Courtesy of my Google News feed this morning, I came across this, possibly the most boring headline ever written about nurses:
I think nurses of, ahem, uncertain age will recognize this headline or its variants, because for the last twenty years we’ve been hearing with tedious regularity about impending wave of nurses who happen-to-be-male about to wash upon the shores of our female-dominated profession. This tsunami of eager male graduates has never actually materialized: in the U. S. (the article points out) about 6% of nurses are male; in Canada, the numbers advanced from a miniscule 3.8 % of nurses in 1995 to a very tiny 5.89% in 2005.
I’ve always been somewhat puzzled why young men find the prospect of a nursing career so unappealing and distasteful. On the face of it, the practical reasons for choosing nursing as a profession are compelling: nursing offers good pay and benefits, job security, portability, advancement, and so on. Is it because nurses have difficulty clearly articulating what we do without jargonizing like an abstract of a scholarly article on nursing paradigms, or worse, sounding like very inferior and dependent versions of physicians? (I recently saw an article somewhere by a nurse, and darned if I can’t find it, which defined nursing as a primarily concerned with executing physician orders!) Or is it because popular culture presents our profession as trivial, infantile and powerless and nurses by-and-large collaborate in maintaining this image?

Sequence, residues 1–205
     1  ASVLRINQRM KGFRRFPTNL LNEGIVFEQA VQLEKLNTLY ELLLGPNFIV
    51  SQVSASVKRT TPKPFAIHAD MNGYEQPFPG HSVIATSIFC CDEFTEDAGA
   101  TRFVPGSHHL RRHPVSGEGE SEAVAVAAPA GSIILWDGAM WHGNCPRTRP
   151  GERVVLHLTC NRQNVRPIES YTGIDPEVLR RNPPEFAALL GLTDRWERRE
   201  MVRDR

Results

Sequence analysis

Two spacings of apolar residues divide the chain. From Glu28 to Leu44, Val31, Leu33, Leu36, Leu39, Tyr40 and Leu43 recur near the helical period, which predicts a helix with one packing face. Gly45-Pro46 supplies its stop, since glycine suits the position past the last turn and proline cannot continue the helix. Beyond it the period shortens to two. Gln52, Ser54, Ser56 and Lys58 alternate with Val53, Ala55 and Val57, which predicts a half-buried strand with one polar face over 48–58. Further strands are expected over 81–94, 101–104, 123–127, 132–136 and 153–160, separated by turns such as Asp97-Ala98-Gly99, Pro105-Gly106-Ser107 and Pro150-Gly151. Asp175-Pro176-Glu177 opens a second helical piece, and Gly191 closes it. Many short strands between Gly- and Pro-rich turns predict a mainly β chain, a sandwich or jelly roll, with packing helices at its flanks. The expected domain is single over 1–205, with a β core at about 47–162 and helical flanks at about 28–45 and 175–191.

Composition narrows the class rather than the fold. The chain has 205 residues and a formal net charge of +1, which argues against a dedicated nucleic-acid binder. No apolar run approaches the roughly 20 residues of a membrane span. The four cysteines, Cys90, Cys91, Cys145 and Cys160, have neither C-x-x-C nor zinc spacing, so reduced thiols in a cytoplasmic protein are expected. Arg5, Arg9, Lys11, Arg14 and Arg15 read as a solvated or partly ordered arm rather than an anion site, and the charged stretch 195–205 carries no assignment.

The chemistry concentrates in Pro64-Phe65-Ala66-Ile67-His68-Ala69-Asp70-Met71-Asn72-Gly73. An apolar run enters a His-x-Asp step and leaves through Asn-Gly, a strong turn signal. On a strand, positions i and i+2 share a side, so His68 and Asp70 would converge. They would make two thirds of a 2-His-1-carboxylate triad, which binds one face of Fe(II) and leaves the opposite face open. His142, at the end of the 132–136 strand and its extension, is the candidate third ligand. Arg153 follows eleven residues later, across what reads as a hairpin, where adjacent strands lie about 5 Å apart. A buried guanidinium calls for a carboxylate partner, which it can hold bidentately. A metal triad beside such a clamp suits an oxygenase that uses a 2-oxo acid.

[Update: Minor grammatical correction. Gaw, I need an editor, ’cause can’t proofread and I miss the stupidest things.]